The music by Taro Iwashiro is mostly composed of orchestral pieces. It is nothing innovative, but it is very well composed and most certainly effective. The music is broad and versatile, which is for the best because Gargantia has a wide range of tones. The compositions support the calm quite moments and warm touching moments just as effectively as tension filled arguments and battles. Probably the most impressive thing the music accomplishes is capturing a sense of wonder. After living on a confining military space colony all his life, the wind open Earth must be awe inspiring for Ledo; the music as well as the visuals imbues the show with a feeling of discovery and adventure.
Though it is too naive to really be called a mature work, Suisei no Gargantia is certainly not a bad show. It is really quite enjoyable; it has likable characters, great art and animation, and a well developed lead. It's theme of how people in a community support one another is so good-natured that I feel kind of bad calling it out on its naivety. Still, the lack of development to the overall cast outside of being likable, and the simplifying of complex themes prevent it from being something great.
This review entails some spoilers and, potentially, offensive regards to anime.
So. The two problems this anime faces are characterization and plot. The two key components of what make a good story. I'm just going to condense it down for ease and simplicity.
Gargantia had a lot of potential in the first few episodes. We're introduced to Ledo, a young man who lives among a space-colonized community of humans. However, all he and his fellow kin know is war against cephalopod(octopi, squids) aliens. Piloting highly advanced and durable AI, Ledo isn't accustomed to much outside of his mecha, "Chamber". As given by the summary, we pretty
much know the basics of everything else. When landing upon Earth, the very foundation of his life is put into question and he must battle his ruthless dogma with the mercy-based morality of the Earthen humans.
Now, to just get straight to what I want to address, I'm going to talk characters and keep it as short and to-the-point as possible of me. Apologies for the poor construction ahead.
Ledo is, truthfully, one of the extremely few characters that was carrying this show, with Chamber being his only rival as such. Bevel and Oldham had their moments, but their screen-time was little and as such, isn't really much of a basis to go off from. Anyways, Ledo(as we see in the first episode) is very logical, analytic and precise, something that was likely learned from his constant interaction with a robot. He seeks constant guidance from Chamber and the two work together to figure out what they're dealing with, being aided by a girl named Amy. He is, however, open to change and thinks on a deeper level, attempting(constantly) to understand the ways of the people of Earth when they weren't doing the same in turn. There are some very good moments where Ledo expresses his horror, confusion and irritation toward truths of his mission and the mannerisms of his new commune. There are also terrible moments where his entire character is goofed up for the sake of a smile or small giggle.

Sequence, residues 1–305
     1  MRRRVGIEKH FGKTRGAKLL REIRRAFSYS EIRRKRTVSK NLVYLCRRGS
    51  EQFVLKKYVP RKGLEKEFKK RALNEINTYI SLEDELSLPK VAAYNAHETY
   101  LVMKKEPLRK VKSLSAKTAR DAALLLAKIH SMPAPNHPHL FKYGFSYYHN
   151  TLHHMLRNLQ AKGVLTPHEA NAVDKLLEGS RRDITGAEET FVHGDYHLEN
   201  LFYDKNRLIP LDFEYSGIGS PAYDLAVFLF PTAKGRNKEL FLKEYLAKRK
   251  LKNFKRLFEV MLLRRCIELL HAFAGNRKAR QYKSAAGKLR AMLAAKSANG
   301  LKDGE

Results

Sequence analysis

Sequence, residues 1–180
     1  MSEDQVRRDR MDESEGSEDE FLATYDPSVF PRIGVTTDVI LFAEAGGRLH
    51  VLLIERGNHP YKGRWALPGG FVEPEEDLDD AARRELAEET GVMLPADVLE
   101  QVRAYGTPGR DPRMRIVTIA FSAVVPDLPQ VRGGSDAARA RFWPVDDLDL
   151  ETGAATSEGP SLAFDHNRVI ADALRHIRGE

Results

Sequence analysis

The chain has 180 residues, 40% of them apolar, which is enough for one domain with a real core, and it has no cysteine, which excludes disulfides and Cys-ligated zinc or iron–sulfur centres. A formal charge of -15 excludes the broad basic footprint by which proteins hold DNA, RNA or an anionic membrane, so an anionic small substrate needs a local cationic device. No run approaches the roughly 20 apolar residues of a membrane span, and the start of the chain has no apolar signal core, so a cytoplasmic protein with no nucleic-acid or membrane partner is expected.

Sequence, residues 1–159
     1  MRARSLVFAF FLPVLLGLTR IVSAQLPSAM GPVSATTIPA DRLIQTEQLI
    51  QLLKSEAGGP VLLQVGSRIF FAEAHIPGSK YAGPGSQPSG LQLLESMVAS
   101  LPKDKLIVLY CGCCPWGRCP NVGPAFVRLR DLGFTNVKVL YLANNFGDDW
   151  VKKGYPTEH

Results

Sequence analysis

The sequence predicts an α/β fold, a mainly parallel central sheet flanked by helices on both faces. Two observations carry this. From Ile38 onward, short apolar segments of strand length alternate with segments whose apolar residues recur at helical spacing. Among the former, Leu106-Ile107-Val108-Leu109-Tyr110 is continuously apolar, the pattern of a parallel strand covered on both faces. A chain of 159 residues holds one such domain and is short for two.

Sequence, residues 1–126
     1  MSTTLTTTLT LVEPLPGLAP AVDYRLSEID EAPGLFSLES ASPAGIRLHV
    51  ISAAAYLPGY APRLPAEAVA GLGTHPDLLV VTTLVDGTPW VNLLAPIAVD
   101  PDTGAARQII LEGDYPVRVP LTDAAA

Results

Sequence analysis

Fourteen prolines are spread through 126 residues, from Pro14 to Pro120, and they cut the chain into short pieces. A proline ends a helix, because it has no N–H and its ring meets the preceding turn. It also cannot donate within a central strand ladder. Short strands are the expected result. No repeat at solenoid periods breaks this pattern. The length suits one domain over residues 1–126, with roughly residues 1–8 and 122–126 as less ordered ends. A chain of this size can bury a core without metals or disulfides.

Now, Amy would have been a fine character... except for the fact that her friends and a portion of other characters nearly share the exact same archetype. Carefree, loved, sweet, and lively. There is very little depth to her, and she's your typical sweethearted heroine. Amy serves as a catalyst for Ledo's position in the society of Gargantia, and is a key component in his moral struggles, but that's pretty much it. There's very little exploration of who she is as a person and why she does what she does or why she is the way she is. Her only role in the anime is to be Ledo's guiding light, and she doesn't do a particularly fantastic job at it... unless just throwing him at people to talk to was her only purpose. Then she did great.
Pinion is a mess. The character initially hates Ledo with every fiber of his being and suddenly just becomes best bro's with the kid when seeing him, Ledo, down in the dumps over personal conflict. Pinion just randomly offers a hand to Ledo after continually trying to make the head of the ship get rid of him, and treats him like a brother very early on in the series. Again, there was no explanation for this change of character. It was like Pin was meant to be a rival and after a few episodes in, they just completely scrapped that idea. His history was passed over briefly and the character is pretty much an idiot and comedy relief. He has one or two truly mature moments in the entire thirteen episodes. A comic character isn't bad... but like I said, Pinion is a messy character. He is severely lacking in structure.